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Renzo Martens

Renzo Martens is a Dutch artist who lives and works in Amsterdam and Kinshasa. He is mainly known for his provocative documentaries Episode I filmed in Chechnya and Episode III: Enjoy Poverty  filmed in the Democratic Republic of Congo, which explore his relationship with images of war and poverty seen through the prism of his identity as a western white man.

Renzo Martens (1973) studied political science and art. He gained international recognition with the films Episode I, and Episode III: Enjoy Poverty, which was televised in more than 23 countries.

 

In 2012, Martens established Human Activities and its Gentrification Program in DR Congo, a research project which goal is to prove that artistic critique on economic inequality can bypass it not symbolically, but in material terms. Together with the plantation workers, the Institute launches the Cercle d'Art des Travailleurs de Plantation Congolaise (CATPC), a grassroots platform for the development of new economic initiatives based on the production and sale of critical art. Through the launch of a creative economy, it aims to improve the economic position of its members and their communities. Consequently, they opened an OMA-designed White Cube on a former Unilever plantation in 2017. With the establishment of the White Cube, the mechanisms through which plantations underwrite the art world are reversed. Benefiting of the privileges associated with the art world, the white cube attracts the capital and visibility needed to invent a new ecological and economic model on site. CATPC members make sculptures from river mud; the sculptures are 3D scanned and then reproduced in cocoa and palm oil in Amsterdam (the world’s largest cocoa port) before being exhibited at top galleries and museums worldwide. With the income generated from the sales of their art the workers are able to buy back the land that had been confiscated and taken from them by Unilever. So far they have bought 85 hectares of land, which they are transforming back into rich and diverse, ecological and egalitarian gardens: the post-plantation.  The work of the CATPC has been shown in a solo exhibition in ScultptureCenter New York, Mori Art in Tokyo, KW Berlin and in the 21st Biennale of Sydney.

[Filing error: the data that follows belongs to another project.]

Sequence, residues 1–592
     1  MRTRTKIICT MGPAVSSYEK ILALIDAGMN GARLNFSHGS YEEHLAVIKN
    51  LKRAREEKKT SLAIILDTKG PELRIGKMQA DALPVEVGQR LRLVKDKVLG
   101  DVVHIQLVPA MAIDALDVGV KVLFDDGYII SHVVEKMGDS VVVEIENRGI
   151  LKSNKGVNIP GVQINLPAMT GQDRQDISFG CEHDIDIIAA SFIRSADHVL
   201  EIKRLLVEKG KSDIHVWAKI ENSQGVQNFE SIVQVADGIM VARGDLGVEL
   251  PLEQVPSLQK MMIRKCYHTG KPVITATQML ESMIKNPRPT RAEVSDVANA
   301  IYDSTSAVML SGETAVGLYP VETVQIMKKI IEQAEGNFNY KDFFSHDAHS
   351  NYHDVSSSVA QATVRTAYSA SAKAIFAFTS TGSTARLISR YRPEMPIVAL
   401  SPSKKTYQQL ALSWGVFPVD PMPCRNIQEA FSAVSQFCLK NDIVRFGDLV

White Cube, Martens’ new feature-length documentary film, premiered in Lusanga, Democratic Republic of Congo, where it was screened onto the white walls of the museum, and at the IDFA film festival in Amsterdam, The Netherlands this November, before touring globally.

 

Édition 2021

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